In actuality, trove is most helpful for networking. It works really well to get some blogger outreach or influencer marketing started. I’ve made a few new acquaintances and taken advantage of guest writing chances thanks to it.
Most importantly, you may deprioritize or eliminate the “connections” that are simply mailing lists from the list that appears when it scans your connections. I take it that’s the feature you want? In addition, should you have any concerns regarding privacy, they offer a very clear and stringent privacy statement.
The ability to create connections is perhaps Trove’s greatest advantage, but newsletter management is also quite good, and individual use is completely free. They offer a business plan, but you may use it for free if you’re simply utilizing it for your own one-man operation or as a personal professional tool.
Compared to the previously mentioned choices, Cleanfox offers a few advantages but a few disadvantages as well. It functions not just with Gmail but also with Outlook and other Microsoft email services, in addition to a number of other email providers.
Second, there are mobile versions of the software available on the Apple Software Store and Google Play Store. This can be really handy if you’re one of those people who always utilizes a mobile device instead of a desktop platform.
The software will scan your inbox and provide you a list of newsletters when you install and launch it. You have three options for each newsletter: keep subscribing but remove older emails from the sender, unsubscribe and remove older newsletters, or leave it as is.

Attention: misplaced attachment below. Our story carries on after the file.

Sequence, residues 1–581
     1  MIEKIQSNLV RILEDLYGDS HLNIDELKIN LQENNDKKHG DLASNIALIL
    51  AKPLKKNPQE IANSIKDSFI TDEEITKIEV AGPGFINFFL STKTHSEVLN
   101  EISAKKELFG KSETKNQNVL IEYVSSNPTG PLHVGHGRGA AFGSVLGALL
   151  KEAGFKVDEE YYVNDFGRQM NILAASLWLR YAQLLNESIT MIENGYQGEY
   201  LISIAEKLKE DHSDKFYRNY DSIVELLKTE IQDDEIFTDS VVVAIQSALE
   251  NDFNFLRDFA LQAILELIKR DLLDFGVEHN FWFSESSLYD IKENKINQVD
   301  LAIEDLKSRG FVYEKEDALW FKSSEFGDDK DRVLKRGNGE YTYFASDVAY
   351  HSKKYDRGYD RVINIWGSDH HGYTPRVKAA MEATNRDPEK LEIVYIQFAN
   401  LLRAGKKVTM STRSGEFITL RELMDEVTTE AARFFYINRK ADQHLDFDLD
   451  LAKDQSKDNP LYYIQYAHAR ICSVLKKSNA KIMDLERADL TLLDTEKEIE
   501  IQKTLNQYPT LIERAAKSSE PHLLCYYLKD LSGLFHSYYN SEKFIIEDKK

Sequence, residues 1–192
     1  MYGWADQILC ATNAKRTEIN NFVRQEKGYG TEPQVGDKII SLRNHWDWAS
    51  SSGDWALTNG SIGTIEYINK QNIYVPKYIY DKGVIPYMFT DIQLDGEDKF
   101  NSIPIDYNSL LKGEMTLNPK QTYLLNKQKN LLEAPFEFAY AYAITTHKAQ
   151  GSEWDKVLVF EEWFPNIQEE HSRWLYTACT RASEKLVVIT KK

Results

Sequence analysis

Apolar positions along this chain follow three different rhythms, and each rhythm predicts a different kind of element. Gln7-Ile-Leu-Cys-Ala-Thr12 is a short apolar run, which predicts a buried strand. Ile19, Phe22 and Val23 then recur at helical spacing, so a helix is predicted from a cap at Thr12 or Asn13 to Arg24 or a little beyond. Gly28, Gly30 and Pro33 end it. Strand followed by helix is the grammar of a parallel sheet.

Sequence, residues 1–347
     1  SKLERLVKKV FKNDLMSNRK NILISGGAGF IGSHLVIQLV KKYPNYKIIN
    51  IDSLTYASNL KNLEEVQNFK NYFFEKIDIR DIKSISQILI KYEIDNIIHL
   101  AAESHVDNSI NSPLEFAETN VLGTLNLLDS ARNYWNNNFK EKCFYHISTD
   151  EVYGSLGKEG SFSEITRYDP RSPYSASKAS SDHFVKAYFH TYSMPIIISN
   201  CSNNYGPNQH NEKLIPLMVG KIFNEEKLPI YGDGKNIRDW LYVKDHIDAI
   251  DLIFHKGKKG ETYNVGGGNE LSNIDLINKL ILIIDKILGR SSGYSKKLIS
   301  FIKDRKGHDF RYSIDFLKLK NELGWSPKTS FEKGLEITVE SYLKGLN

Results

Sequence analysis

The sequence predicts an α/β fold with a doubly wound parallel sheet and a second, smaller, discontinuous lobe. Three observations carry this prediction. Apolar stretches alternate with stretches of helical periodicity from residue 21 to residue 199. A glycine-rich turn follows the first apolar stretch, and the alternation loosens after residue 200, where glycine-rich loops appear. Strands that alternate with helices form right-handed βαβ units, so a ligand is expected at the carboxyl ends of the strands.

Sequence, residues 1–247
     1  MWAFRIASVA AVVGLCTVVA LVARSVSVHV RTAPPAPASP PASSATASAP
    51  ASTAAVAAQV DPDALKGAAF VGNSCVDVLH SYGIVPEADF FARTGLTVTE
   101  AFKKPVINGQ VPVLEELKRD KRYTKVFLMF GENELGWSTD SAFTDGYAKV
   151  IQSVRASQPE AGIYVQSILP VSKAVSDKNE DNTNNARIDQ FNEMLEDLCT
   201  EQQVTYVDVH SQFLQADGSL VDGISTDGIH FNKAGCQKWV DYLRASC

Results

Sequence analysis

It’s important to note that although Cleanfox says they never permanently destroy emails, in reality, they only move them to the trash bin, which gives you 30 days to retrieve them from services like Gmail. Thus, in a technical sense, they aren’t actually deleting, but they have still vanished.
The fact that this software plants a tree in Zambia, Africa, when you use it is maybe one of its more intriguing aspects. They collaborate with WeForest and promote the Green Cross. It’s a fairly charitable organization to help.
The main drawback is that Cleanfox could experience problems akin to those of Unroll.if you’re really worried about privacy, me. They are a component of FoxIntelligence, which gathers and de-identifies data for use in study groups. Depending on how important anonymous data aggregation is to you, this might or might not violate your privacy guidelines. You are welcome to research it on their website.
5. Clean Email
Clean Email resembles Unroll.me, although with more power. With its extensive email sorting, analyzing, and cleaning tools, it’s possible to achieve the coveted Inbox Zero in a matter of hours at most, from thousands of messages.
Upon initial execution, the script classifies everything in your email in an extremely general way. Messages will be sorted into groups like “drafts,” “old emails,” and “social network notifications.” If you’d like, you may apply a single selection and action to every item in the category.
After your first sort, you may apply actions more specifically by going into particular categories. Messages can be archived, deleted, blocked senders, tagged as spam, or moved to the trash. As an alternative, you may move them to folders, label or star them, add priority flags, or even designate them as unread. Naturally, bulk unsubscribing is a built-in function. Using whitelists, you may also shield certain communications or senders from mass actions that might otherwise be appropriate.